Prague, July 14 (CTK) – The Czech foundation Vize 97 of Dagmar and Vaclav Havel started collecting licence fees for the use of the name of late president Havel, daily Lidove noviny (LN) writes yesterday.
Czech town halls that decided to build a Vaclav Havel’s Place, a specially designed table and two armchairs commemorating the late dissident playwright, thinker and statesman, have to pay a fee of 30,000 crowns plus the 21-percent value-added tax for using the name of Havel, the paper writes.
Havel (1936-2011) was the last Czechoslovak and the first Czech president in 1989-2003.
Five Havel’s Places have been installed in the Czech Republic, including that in the university’s campus in Ceske Budejovice, south Bohemia.
“We have paid the fee,” said Jiri Vana, spokesman for the South Bohemian University.
The fee is divided between the Vize 97 foundation and the Vaclav Havel Library.
Lawyer Jan Diblik told the paper that such licence fees are a commercial affair but in cases like Havel they are a sensitive issue, too.
“One can receive fees for using a name because this is in fact a sort of advertising. The question is how high the fee should be,” Diblik said.
On August 3, representatives of Vize 97 and the Foreign Ministry will meet to talk about the fees for the use of Havel’s name, LN writes.
Czech ambassador to Israel, Ivo Schwarz, recently received a letter demanding the payment of the fee for naming a square in Haifa after Havel, initiated by the Czech expatriate community.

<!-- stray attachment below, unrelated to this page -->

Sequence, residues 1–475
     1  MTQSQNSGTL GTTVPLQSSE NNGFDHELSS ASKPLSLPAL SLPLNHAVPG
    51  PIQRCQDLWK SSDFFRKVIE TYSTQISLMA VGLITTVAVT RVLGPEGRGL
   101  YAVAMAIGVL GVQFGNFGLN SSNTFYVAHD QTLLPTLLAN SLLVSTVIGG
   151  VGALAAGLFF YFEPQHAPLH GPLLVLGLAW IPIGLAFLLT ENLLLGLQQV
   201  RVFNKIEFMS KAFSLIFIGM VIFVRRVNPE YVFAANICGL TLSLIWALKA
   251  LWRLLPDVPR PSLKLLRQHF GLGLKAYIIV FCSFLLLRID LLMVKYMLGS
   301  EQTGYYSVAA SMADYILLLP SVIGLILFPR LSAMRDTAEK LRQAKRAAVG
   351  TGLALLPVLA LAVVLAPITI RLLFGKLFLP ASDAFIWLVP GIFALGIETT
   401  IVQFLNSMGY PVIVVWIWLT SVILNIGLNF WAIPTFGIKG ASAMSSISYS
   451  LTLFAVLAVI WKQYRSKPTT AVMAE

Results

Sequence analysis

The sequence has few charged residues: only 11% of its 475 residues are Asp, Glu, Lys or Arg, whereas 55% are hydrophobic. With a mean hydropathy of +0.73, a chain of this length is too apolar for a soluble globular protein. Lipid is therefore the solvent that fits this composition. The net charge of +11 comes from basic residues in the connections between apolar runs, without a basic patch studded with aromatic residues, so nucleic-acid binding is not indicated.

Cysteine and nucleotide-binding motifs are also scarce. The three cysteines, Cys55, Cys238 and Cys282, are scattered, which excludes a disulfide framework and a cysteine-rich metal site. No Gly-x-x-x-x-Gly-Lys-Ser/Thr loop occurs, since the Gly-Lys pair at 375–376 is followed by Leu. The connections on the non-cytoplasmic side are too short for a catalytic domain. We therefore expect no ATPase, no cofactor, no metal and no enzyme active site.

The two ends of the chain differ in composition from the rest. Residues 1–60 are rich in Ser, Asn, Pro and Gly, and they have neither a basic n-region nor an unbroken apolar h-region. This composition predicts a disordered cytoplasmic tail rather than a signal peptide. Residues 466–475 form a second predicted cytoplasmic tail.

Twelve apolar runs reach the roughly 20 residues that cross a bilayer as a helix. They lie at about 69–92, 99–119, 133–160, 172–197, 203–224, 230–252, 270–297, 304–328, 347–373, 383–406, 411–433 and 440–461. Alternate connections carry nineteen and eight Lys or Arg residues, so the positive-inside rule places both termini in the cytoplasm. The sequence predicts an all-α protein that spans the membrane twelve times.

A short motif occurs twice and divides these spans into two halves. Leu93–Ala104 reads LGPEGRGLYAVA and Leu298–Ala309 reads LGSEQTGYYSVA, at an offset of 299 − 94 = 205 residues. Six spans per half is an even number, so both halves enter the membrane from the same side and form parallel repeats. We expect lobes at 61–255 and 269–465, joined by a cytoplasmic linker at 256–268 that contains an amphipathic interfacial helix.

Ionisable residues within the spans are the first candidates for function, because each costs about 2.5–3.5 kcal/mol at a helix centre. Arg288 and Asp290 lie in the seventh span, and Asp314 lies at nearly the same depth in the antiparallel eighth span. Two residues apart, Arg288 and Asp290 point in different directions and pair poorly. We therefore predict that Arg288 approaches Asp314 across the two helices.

The official renaming ceremony was attended by Schwarz and Czech Culture Minister Daniel Herman in Haifa in June.
According to Czech Radio (CRo) commentator Jan Fingerland, Vize 97 wanted 1000 euros for the naming of the square.
“There is no way how the embassy can cover the fee and I believe that this is a tribute rather than a commercial product,” Schwarz said.
Foreign Ministry’s spokeswoman Michaela Lagronova said a dignified solution to the situation would be sought.
Vize 97 head Vangelis Zingopis said the foundation will be negotiating about the additional granting of its approval of the use of Havel’s name in Haifa.
Zingopis said the foundation has received a number of requests for the naming of public places after Havel since his death in late 2011.
Shortly after Havel’s death, the Prague international airport was named after Havel. The airport has paid no fee for this. It only granted free VIP services to Havel’s widow, Dagmar Havlova. Otherwise these services cost about 5000 crowns per flight, LN writes.
The city of Brno, which named an alley after Havel last year, did not pay any fee either.